How Business Owners Can Stay Passionate and Avoid Burnout

Any business owner will tell you, it takes courage to go out on your own. Leaving behind a comfortable 9 to 5 to turn a dream into a full-time job takes a measure of doing. When you consider the long hours, the stress, the people management, and the never-ending list of responsibilities, there’s only one thing that keeps small business owners going when times start to get tough: passion.

But what happens when that passion starts to wane and your motivation begins to suffer?

You may think it won’t happen to you, but there are many reasons why passion fades as a business grows.

Fortunately, there are also ways to avoid it. Here are a few things to look out for as you seek to stay motivated through the challenges of running a small business, as well as tips on how smart financing can help you maintain the passion you need to succeed:

Burnout

Success doesn’t happen overnight, and small business owners know that. But reaching for success day in and day out can often lead to burnout. It might not be obvious when burnout rears its ugly head; some common signs include:

  • Exhaustion
  • Anxiety and panic attacks
  • Feeling overwhelmed

It’s not uncommon for hardworking small business owners to feel a burnout approaching. A 2016 study from Business Networking International found that one in four entrepreneurs say they feel moderately burned out. When burnout starts to happen, there are a few ways small business owners can pump some gas back into the tank:

  • Delegate to lessen the workload
  • Exercise
  • Take a vacation
  • Disconnect from digital life, including work e-mail, for a few days
  • Designate at least one day off every week and stick to it

Burnout isn’t something to take lightly—understand the signs of burnout and have a few tools for managing it so you can come back refreshed and energized.

Fear of competition

It’s pretty normal as a small business owner to fear a competitor might put you out of business. But that fear can be crippling. By fearing your competitors and putting your focus on them, you are giving them a great deal of power. Instead, focus your time and energy on making your customers happy and improving your own business.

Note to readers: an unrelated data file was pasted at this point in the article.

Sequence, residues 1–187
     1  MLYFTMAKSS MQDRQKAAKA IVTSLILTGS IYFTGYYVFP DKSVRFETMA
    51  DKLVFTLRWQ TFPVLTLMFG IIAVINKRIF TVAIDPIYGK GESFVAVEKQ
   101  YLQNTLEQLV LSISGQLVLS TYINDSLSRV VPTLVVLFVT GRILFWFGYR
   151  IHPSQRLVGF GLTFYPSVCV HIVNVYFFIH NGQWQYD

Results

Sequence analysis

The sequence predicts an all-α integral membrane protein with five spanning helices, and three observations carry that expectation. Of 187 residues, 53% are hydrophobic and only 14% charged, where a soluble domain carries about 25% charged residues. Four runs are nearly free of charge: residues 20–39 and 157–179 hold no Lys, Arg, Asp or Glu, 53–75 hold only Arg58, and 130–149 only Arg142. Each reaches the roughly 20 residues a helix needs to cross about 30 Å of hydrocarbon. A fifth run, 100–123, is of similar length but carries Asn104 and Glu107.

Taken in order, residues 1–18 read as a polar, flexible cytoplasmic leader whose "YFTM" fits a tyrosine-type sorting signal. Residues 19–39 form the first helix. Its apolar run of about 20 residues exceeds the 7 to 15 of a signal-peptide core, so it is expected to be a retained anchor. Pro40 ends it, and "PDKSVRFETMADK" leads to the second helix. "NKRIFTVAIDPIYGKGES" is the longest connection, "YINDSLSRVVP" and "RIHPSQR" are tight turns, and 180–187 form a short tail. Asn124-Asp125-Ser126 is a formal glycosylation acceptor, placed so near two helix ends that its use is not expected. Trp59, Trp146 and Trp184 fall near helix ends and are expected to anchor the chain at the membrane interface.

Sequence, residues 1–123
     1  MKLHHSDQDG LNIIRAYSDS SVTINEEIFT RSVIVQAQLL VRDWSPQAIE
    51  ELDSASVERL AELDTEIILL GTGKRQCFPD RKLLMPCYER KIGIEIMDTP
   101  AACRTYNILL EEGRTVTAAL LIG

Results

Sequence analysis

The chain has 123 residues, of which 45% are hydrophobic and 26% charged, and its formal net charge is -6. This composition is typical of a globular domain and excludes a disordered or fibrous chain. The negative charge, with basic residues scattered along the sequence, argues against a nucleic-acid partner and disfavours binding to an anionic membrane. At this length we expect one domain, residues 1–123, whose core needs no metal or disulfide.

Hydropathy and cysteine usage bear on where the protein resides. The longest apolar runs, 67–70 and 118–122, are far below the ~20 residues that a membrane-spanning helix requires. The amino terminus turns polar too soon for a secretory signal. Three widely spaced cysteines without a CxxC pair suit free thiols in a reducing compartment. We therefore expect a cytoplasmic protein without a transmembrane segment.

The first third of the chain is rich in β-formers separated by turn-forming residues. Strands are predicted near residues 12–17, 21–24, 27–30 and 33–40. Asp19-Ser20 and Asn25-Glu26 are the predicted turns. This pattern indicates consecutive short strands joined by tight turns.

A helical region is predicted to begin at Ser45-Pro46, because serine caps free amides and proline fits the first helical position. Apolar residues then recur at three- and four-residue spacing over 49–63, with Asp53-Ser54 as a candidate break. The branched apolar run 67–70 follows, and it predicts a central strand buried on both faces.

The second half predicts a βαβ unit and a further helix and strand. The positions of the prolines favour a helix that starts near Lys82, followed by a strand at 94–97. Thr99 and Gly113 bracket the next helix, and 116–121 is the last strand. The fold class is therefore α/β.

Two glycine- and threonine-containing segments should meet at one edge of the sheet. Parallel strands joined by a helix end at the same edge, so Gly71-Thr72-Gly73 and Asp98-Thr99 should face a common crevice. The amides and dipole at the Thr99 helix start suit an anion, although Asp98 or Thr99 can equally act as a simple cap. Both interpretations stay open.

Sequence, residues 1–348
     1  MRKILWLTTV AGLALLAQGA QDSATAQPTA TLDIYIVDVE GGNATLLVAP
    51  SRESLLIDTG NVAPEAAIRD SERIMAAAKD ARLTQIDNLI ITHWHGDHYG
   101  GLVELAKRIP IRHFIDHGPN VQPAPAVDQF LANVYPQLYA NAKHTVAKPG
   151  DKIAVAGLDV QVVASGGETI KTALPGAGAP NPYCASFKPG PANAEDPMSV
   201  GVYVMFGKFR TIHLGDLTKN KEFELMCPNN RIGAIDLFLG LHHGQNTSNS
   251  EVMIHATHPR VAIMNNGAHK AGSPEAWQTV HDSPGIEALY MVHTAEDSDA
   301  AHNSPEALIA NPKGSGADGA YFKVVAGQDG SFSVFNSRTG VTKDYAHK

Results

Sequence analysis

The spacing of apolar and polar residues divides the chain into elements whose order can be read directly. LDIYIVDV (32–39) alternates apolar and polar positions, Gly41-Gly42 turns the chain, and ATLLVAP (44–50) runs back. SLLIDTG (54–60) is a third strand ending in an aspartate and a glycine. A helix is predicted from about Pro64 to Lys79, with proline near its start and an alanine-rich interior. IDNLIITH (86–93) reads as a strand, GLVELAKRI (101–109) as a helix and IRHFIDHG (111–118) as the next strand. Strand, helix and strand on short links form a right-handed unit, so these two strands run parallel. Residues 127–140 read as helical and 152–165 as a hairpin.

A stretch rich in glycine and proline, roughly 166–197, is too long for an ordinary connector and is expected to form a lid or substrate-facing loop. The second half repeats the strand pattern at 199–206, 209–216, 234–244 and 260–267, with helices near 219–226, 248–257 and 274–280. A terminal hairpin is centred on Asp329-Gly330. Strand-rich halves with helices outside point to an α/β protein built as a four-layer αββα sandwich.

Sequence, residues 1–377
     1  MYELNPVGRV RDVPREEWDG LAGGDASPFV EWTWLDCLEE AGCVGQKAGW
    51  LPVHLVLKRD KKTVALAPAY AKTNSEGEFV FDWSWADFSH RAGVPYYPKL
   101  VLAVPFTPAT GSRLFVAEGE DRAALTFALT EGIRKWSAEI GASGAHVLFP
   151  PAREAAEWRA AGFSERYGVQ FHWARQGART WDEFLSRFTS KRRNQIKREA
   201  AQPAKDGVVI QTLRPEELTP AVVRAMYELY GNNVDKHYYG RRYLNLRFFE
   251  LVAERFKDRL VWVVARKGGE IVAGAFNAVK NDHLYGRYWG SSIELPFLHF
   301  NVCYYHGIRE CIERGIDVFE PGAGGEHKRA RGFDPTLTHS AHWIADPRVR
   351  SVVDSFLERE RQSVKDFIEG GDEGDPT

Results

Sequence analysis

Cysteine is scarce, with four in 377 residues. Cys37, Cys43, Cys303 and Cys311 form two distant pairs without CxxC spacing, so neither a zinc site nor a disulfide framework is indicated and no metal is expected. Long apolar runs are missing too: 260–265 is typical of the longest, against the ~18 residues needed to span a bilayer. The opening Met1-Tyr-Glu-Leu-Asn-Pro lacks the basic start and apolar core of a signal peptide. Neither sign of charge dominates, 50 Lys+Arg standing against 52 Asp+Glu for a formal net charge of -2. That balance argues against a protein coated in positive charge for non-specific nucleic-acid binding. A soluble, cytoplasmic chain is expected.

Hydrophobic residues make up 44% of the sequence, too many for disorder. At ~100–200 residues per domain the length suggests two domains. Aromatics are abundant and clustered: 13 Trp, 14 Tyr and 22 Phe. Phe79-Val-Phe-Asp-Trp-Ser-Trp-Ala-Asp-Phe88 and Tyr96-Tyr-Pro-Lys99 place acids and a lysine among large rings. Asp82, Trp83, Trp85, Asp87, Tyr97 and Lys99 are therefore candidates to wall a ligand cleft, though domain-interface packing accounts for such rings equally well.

It’s not a bad idea to keep up with what your competition is doing, but it’s more important to reflect on your own business. Take some time to ask yourself these questions:

  • What is your business good at?
  • What is your business bad at?
  • What’s your long-term plan?
  • Who is your competition?
  • How are you going to make adjustments to improve?

Instead of fearing the competition or being complacent about it, think of all the ways you can be better and subsequently, outperform the competition.

Feeling uninspired

Getting stuck is part of life. We all hit roadblocks, fall into exhaustion, and have difficult challenges to navigate. In business, learning how to get unstuck is critical. If you’re feeling stuck, try taking a break, free from guilt. You’ll come back more relaxed and productive.

Another effective way of getting out of an uninspired rut is to talk to someone. It’s much easier to approach a problem with support from people in your network. Talk to an employee, a business partner or even a business coach to get the ideas flowing again and restore your excitement and motivation.

Running a business, it's easy to get burned out.

Money troubles

Every business has to handle peaks and valleys in revenue, and these large swings can make it difficult to manage your cash flow. The reality is most small businesses fail within five years, in large part because they don’t have the capital to keep the doors open. When it comes to using smart financing to solve this big problem, the secret lies in being proactive about accessing capital.

Business credit cards, lines of credit, short term loans and cash advances are all ways to be proactive about money problems. When you have access to funds you can build a safety net for cash flow emergencies as well as better support innovation and prevent missed opportunities for your business to grow.

Having sufficient funds to innovate and grow helps you maintain the entrepreneurial passion that drove you to start your business in the first place. To get ahead of this, make sure you understand the pros and cons of each type of financing as well as your return on investment before deciding which one is right for you and your business.

 


Check back next month for part 4 of this series, How Smart Financing Can Solve Big Problems for Small Businesses, where we’ll talk about innovative ways to attract new customers and how to retain them.

Want to catch up on the previous article in the series? Read on for Helpful Strategies to Manage Your Next Cash Flow Crunch.

No matter the size, the time in business, or the industry, every small business faces a myriad of challenges daily. Access to capital is arguably the biggest roadblock to every business owner’s ability to address these pains and problems. This 5-part series pinpoints some of the most common bumps in the road for small business owners as well as smart, effective solutions for navigating these challenges. Learn how to deal with hiring frustrations, cash flow woes, business owner burnout, customer retention issues, and time management struggles, as well as how to be proactive rather than reactive when it comes to accessing the funds you’ll need to face these issues head on.

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Did you know? If you own a business, you may qualify for Fundbox Credit™ up to $100,000. Sign Up Now and if approved, draw funds to your bank account by tomorrow.
Sara Amato is a graphic designer, writer, and contributor to the Lendio blog. Currently based out in Colorado, she was born in New Jersey and has lived in Indiana, California, Arizona, and Illinois.